“Through meetings and contacts with the North‘s high-level delegation ... we expect it will serve as a good opportunity to have frank discussion about improving inter-Korean relations and peace,” Cho Myoung-gyon said in an interview with a local broadcaster.
“We expect that the North will send a delegation that will be fit for it.”
The North has agreed to join the Olympics slated for Feb. 9-25 and the 10-day Paralympics that start on March 9, which will be staged in the South’s eastern towns of PyeongChang and Gangneung.
|South Korean Unificatino Minister Cho Myung-gyun (Yonhap)|
It also plans to send a 140-member art performance group and a high-level delegation to the South in time for the sporting event.
Who will lead the delegation has not been decided.
On Sunday, an advance team led by Hyon Song-wol, head of a national orchestra, came to the South for a two-day stay to inspect candidate venues for the North‘s art performance. The delegation is to leave for the North later Monday.
The visit came after the North abruptly canceled the planned trip Friday. South Korea has asked for explanation from the North on the matter.
Cho said that he has yet to get an answer from the North, nor did he think that the currently visiting team is in a position to explain the cancellation.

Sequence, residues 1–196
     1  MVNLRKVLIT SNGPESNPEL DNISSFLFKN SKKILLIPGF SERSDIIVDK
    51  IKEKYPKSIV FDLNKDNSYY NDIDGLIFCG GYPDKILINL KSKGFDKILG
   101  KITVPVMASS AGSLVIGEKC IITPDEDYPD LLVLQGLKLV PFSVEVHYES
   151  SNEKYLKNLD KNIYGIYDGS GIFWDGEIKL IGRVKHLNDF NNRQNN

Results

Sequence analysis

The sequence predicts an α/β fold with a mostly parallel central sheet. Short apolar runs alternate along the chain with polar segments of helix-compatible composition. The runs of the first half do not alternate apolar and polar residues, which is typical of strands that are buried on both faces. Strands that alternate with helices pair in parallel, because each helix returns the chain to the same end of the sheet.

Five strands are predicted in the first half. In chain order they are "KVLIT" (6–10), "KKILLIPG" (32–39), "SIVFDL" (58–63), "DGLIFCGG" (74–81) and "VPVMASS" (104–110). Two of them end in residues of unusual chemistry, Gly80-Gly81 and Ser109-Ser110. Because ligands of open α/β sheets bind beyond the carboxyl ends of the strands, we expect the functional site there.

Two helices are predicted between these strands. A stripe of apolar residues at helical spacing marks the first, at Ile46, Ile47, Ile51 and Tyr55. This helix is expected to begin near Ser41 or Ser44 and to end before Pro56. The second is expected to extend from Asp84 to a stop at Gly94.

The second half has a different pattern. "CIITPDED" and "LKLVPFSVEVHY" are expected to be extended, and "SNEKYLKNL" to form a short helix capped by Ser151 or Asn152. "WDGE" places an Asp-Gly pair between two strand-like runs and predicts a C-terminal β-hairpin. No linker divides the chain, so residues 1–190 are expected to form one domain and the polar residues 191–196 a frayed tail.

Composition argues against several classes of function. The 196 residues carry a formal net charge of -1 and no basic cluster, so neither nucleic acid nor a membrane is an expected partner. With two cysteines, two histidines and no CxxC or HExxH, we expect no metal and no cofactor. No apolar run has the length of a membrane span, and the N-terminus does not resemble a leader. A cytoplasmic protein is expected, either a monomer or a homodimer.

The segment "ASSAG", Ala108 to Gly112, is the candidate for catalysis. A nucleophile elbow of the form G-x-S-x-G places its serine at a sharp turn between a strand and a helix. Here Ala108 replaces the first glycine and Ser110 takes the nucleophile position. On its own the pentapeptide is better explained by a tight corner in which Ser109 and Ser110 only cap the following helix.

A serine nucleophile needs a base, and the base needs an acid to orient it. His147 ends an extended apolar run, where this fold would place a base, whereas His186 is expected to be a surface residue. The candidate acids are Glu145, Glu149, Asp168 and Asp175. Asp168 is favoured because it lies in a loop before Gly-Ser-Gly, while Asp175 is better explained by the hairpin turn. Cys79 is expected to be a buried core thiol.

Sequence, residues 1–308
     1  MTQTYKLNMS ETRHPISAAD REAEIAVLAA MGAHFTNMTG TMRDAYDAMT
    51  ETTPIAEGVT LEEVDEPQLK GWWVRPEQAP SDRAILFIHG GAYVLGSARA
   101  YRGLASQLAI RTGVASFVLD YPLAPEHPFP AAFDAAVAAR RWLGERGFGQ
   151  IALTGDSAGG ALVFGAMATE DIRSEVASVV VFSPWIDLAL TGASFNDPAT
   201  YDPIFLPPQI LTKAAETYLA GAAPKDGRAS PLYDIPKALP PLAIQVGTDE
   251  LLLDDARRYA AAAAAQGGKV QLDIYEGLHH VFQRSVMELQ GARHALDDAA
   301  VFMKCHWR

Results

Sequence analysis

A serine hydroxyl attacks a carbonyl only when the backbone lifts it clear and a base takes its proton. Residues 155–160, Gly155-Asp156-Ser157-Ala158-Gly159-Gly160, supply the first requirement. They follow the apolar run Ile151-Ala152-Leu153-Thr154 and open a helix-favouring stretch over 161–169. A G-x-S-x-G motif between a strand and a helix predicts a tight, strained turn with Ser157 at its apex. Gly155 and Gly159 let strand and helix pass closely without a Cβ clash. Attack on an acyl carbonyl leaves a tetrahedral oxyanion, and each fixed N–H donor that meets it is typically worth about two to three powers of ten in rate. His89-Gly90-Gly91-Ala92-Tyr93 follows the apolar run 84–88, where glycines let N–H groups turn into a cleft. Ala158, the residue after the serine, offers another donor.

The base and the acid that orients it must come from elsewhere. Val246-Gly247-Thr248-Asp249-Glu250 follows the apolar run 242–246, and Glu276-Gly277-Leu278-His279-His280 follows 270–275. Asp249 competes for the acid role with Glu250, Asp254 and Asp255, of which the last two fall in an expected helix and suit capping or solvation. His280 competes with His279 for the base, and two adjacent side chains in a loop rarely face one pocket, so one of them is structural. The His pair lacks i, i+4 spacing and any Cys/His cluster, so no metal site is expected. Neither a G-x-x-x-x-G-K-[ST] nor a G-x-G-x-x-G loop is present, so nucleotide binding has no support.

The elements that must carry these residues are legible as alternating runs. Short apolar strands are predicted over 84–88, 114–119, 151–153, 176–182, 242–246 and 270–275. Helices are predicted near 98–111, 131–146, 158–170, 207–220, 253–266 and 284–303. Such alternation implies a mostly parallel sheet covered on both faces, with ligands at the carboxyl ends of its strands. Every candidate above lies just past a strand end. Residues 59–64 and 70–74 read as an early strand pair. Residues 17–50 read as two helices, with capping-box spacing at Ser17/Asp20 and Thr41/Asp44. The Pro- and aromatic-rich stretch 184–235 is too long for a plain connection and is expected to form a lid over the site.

He noted that the South will continue close consultation with the North to prevent such a thing from happening again.
Cho said that the North is paying close attention to the planned art performances and added that Hyon appears to be a “highly professional” person when it comes to making the relevant preparations.
Asked about the controversy over the two Koreas’ plan to field a unified women‘s ice hockey team during the Winter Olympics, he apologized for not providing sufficient explanation to the public in advance but still supported the decision, expressing hope that it will contribute much to fostering peace on the Korean Peninsula.
Critics here said that South Korean players are being forced to make a sacrifice for the sake of making it possible for some North Korean athletes to join them. They also criticized the Seoul government for using the sport to achieve its political objectives. (Yonhap)